Immune-mediated Cutaneous Drug Reactions: Exanthemous Reactions

by Stephen Holt, MD, MS

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    00:01 All right. Having talked about the non-immune mediated types, we're going to cover some of the immune-mediated types. In fact, the vast majority of acute cutaneous drug reactions are immunologically mediated, and they can cause nearly every type of skin manifestation you've ever heard of including, urticaria, papules, pustules, bullae, lichenoid lesions, lupus-like illness, etc. We'll just go through a few of these examples.

    00:27 First up, we have to cover exanthematous reactions.

    00:30 These are the most common type of the most common type of cutaneous drug reaction. 90% of all cutaneous drug reactions are exanthematous.

    00:40 The most classic presentation is so-called "morbilliform" eruption, which means that it looks like measles.

    00:46 It's going to be on the trunk, the extremities, it tends to be symmetric in distribution, though there may be some areas of confluence. It's going to resolve typically spontaneously once you get rid of the drug, though there will be this protracted desquamation phase as some of the superficial skin sloughs off.

    01:02 Most importantly, these patients have minimal systemic symptoms, and that's a defining feature of the reaction.

    01:08 Culprit drugs, you know a lot of them. Typically, it's antibiotics.

    01:12 Sulfa drugs, beta-lactams like penicillin, anticonvulsants can do this, and allopurinol can cause a variety of different skin reactions, and this is another one of them. NSAIDs also maybe a culprit.

    01:23 The typical rash that you're seeing here is pruritic, and you'll have these bright red macules and papules.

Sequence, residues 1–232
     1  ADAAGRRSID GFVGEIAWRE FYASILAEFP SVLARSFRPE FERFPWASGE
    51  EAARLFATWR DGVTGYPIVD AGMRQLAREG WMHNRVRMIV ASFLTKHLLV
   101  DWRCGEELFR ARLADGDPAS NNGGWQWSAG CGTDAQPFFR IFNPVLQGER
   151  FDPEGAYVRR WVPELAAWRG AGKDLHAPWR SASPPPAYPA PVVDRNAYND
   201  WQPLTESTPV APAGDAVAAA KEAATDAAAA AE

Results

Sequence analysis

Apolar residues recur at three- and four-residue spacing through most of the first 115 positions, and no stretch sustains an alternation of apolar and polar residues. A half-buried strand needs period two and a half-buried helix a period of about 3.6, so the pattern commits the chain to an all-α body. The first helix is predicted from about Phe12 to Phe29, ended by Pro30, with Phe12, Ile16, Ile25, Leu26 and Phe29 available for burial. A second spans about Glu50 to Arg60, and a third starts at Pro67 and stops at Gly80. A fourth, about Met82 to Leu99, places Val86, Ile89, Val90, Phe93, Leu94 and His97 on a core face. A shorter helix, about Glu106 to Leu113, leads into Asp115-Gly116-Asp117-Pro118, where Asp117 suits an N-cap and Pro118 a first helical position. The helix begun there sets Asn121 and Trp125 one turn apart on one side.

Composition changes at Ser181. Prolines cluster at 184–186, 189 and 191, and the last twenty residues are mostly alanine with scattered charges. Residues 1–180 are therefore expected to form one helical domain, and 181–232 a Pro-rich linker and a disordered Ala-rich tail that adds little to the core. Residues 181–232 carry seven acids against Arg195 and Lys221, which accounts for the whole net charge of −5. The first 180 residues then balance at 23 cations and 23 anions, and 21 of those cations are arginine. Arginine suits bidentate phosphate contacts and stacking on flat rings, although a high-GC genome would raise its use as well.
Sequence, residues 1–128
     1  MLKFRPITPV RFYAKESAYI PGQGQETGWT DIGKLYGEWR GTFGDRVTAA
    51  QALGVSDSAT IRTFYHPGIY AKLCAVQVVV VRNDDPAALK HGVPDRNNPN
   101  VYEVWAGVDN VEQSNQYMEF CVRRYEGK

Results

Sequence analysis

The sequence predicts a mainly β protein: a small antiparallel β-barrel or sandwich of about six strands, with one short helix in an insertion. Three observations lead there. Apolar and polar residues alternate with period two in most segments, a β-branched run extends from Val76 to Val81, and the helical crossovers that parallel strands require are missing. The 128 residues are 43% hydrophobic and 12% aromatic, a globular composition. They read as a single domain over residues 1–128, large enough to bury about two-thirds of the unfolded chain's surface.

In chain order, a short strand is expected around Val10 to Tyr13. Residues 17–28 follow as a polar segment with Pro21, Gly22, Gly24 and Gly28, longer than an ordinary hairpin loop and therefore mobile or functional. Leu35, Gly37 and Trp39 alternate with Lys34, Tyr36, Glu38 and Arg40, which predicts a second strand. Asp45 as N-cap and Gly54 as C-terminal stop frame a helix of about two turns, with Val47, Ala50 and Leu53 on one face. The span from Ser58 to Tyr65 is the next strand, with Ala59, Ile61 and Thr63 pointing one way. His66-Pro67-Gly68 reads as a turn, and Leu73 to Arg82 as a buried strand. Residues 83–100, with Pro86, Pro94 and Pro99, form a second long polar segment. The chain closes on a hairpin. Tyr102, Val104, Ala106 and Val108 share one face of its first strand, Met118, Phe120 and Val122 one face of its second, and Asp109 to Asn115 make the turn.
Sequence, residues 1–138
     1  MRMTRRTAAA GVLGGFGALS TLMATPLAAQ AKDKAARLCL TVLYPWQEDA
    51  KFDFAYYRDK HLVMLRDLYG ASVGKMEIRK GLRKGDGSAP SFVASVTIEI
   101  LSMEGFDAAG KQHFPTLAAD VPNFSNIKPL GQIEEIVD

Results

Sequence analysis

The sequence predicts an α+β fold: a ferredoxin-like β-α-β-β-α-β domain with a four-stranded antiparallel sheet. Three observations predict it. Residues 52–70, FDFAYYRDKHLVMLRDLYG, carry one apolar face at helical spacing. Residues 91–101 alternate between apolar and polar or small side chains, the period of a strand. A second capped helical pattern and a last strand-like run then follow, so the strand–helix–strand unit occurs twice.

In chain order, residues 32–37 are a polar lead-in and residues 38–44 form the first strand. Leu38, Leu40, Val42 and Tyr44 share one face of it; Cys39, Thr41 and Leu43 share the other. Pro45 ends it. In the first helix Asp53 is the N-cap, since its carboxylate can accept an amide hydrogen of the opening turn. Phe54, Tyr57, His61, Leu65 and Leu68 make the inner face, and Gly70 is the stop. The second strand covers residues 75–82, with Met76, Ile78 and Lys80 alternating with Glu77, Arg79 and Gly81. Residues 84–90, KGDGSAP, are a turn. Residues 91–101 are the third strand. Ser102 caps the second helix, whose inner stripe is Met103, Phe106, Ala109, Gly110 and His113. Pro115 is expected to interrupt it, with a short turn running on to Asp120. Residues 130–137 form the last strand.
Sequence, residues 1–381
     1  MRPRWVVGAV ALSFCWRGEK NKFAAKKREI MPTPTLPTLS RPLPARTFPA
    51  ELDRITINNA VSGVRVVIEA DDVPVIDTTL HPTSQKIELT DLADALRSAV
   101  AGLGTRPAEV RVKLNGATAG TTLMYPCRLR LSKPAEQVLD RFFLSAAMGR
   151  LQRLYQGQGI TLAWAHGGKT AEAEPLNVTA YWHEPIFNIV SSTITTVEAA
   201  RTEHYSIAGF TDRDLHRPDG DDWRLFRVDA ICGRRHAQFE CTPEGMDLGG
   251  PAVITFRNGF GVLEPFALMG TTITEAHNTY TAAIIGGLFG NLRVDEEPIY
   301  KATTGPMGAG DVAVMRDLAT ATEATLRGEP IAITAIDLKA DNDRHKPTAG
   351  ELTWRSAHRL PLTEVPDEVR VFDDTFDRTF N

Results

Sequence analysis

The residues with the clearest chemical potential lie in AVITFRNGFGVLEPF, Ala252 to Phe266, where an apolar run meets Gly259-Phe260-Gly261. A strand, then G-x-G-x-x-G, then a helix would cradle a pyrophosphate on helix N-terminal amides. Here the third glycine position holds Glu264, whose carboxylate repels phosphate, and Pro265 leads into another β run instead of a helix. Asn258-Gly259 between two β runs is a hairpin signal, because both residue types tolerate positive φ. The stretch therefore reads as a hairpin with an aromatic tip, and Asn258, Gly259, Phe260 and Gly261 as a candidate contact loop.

01:29 Exanthematous reactions are more common in those who have recently contracted EBV or CMV, and in those who have HIV. The typical onset is 1-21 days after starting the new medication, and that's typically dependent on whether they've seen the medication before or if it's a brand new medication to them. Oftentimes, it will occur as I'm alluding to within only 2-3 days if it's a re-exposure to something that they've already developed antibodies to. Importantly, I said that patients should not experience systemic symptoms.

    01:58 If you do start to see some of those systemic features -- myalgias, fevers, mucocutaneous involvement -- then you've got to start thinking about SJS and TEN.

    02:07 If it is just an exanthematous reaction, you can get by with just using anti-histamines, perhaps glucocorticoids under severe circumstances.

    About the Lecture

    The lecture Immune-mediated Cutaneous Drug Reactions: Exanthemous Reactions by Stephen Holt, MD, MS is from the course Allergic and Immune-mediated Skin Disorders.

    Included Quiz Questions

    1. Morbilliform red papules and macules
    2. Targetoid-like erythematous macules
    3. Flaccid bullae with hemorrhagic erosions
    4. Pruritic urticarial lesions

    Author of lecture Immune-mediated Cutaneous Drug Reactions: Exanthemous Reactions

     Stephen Holt, MD, MS

    Stephen Holt, MD, MS

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